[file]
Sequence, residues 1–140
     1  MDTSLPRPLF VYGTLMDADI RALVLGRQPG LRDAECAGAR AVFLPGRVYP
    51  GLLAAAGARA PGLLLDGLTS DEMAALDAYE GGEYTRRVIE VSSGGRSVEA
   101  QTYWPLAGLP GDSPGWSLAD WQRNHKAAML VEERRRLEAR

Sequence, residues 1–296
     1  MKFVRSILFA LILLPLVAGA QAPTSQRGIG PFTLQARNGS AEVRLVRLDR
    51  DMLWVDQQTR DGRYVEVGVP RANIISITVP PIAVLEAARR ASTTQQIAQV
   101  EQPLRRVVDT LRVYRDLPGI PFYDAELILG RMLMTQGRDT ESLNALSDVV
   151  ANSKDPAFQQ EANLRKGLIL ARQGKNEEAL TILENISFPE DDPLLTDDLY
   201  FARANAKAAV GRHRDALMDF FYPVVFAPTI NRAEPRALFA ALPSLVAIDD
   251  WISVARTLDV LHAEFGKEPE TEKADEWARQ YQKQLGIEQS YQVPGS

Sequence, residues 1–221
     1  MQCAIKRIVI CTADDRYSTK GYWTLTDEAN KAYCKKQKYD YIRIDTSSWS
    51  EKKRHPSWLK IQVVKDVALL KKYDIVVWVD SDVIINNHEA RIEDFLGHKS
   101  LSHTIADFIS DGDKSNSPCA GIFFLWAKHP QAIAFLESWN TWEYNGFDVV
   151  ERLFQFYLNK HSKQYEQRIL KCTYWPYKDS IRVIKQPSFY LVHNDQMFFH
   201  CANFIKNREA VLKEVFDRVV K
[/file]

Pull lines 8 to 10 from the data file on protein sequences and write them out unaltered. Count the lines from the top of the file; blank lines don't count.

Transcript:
   101  EQPLRRVVDT LRVYRDLPGI PFYDAELILG RMLMTQGRDT ESLNALSDVV
   151  ANSKDPAFQQ EANLRKGLIL ARQGKNEEAL TILENISFPE DDPLLTDDLY
   201  FARANAKAAV GRHRDALMDF FYPVVFAPTI NRAEPRALFA ALPSLVAIDD